On Saturday morning, Melissa Harris-Perry addressed the new Pew Research study that found women are the primary breadwinners in forty percent of American households. “If this doesn’t sound like a rapture-producing eschatological finding to you, then you haven’t been watching the Fox Business Channel, and their all-man panel,” Perry said, before playing clips of Lou Dobbs and his fellow males fulminating about society’s liberal decline.
Josh Barro of Business Insider gave the findings their economic context:
There actually are a couple of alarming undercurrents to this, one of which is over the last thirty years men have not been keeping up with economic shifts. You’ve had this job polarization where middle-skill jobs are falling out. We have more high-skill and low-skill jobs. Women have responded to that by greatly increasing their level of educational attainment over the last thirty years. Men haven’t, so they’ve had decreased attachment to the workforce. More of them are working in low-skill jobs. That’s one of the reasons that you have more households with women as primary bread winners. So that I think is in part not a happy story because it’s about men not keeping up. But I think the biological frame that’s been put on it is very odd.
“Even less whether or not men are keeping up, the idea that a household isn’t keeping up,” Perry said. “We now live in a country where to live at a standard that my grandparents may have been able to do on one income, you simply must have two incomes.”
“That’s the most dangerous point,” said panelist Carmen Wong Ulrich. “Now we think dual income is natural and that’s the way we should rule our lives. The problem is it’s actually the most fragile position to be in. If you base your whole household off of two [incomes] and you lose one, that’s a fifty percent pay cut.”
“At the same time, too, there’s also that culture component,” said Grio‘s Joy Reid. “Because of course it is Fox, so it is conservatism. I think my new slogan for the Fox Business Network is ‘Fox Business: Woman, have baby, make sandwich.'”
Reid got to the cruz of the conservative problem with these new numbers:
I believe that what we’re seeing there is a lot of men reacting to the cultural shift of men not being dominant, period. And this idea that underlies conservatism—with the consent of conservative women, which is what is required to make that work—is that you have to give men the dominant role in society, such that women typically stay not as competitors in the workforce. I think that since Roe v. Wade, the idea that women have autonomy over their bodies, the idea that women are going into the workforce not out of necessity but sometimes because they want to, is really threatening to a lot of conservative men who don’t want to compete with women in the workforce, number one, and who definitely don’t want to work for women in the workforce.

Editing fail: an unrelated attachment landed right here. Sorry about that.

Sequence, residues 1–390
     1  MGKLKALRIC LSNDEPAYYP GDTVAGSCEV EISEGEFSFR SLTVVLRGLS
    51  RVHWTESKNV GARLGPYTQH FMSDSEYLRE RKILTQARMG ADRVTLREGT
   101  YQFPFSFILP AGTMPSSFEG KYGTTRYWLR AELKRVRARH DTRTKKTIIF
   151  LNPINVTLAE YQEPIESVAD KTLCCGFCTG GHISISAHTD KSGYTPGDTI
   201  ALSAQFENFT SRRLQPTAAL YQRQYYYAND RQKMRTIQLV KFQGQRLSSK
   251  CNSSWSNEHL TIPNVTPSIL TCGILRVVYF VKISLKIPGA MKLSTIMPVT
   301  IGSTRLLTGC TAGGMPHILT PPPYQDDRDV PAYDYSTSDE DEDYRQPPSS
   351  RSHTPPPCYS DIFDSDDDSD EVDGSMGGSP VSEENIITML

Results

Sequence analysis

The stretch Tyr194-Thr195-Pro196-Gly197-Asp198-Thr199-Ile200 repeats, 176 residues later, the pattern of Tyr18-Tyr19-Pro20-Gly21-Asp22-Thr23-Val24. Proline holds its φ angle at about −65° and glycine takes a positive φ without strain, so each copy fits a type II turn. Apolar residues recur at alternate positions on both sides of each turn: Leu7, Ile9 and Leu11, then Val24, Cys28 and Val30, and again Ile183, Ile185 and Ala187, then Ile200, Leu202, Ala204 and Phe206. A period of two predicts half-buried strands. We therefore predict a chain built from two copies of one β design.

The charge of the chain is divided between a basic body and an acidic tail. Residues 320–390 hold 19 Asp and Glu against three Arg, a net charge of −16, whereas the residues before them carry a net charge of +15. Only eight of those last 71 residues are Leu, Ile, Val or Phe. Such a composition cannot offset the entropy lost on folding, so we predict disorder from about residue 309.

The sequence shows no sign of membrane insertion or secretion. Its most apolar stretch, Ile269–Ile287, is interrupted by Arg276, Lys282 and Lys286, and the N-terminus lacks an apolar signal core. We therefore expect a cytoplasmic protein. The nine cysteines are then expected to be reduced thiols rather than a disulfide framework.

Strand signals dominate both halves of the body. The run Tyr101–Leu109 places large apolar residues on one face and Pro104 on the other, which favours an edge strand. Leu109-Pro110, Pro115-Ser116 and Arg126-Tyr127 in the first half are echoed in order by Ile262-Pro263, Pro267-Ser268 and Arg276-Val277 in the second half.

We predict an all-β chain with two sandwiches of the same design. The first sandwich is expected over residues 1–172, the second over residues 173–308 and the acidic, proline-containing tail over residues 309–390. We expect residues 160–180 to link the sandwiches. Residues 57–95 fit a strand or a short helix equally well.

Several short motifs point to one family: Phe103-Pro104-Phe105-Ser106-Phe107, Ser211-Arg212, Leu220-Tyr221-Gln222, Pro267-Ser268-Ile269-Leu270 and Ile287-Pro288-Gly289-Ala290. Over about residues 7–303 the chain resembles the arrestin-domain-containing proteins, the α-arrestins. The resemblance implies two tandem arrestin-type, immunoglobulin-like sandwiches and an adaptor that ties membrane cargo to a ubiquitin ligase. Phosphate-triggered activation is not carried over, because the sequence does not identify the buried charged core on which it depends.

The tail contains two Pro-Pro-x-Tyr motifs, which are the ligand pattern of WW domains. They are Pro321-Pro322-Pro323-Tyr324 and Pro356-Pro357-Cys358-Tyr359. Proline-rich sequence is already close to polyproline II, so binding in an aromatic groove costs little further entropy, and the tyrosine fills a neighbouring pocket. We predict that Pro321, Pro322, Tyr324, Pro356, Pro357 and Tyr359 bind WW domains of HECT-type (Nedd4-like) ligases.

“What was disturbing in the Pew study was how much single mothers are making,” said Reshma Saujani, a candidate for New York City Public Advocate. “We should be focused on low-income women, minority women, immigrant women who are still not able to have good paying jobs, and to lift their families forward. And that’s the conversation we should be having.”
“We were talking about the bi-level distribution around the economy in general, and we really saw that in these Pew data,” Perry said. “On the one hand, you do have women with very good education, who are often married, who are working in upper-income jobs, right, $83,000 plus? And they’re working largely because they want to, and they want to work these jobs because they’re fulfilling and well-paid. And then you have these women, single moms, who are working at the $20,000 wage, who very well may may have a preference for staying home and providing for the emotional, nurturing care of their kids. And those are two different so-called choice sets that women are facing.”
“And I’m sure those Republican men are not willing to put the resources in to make sure that they can actually stay home and take care of their kids,” Saujani said.
“Those women should work,” Reid said, “because now there’s that sort of dual mindset among the right, they’re saying that women like the ones you describe, that are lower income, that are working because they have to—well, they need to be responsible. If they want to get public assistance, they need to work for it.”
Watch the whole segment here:
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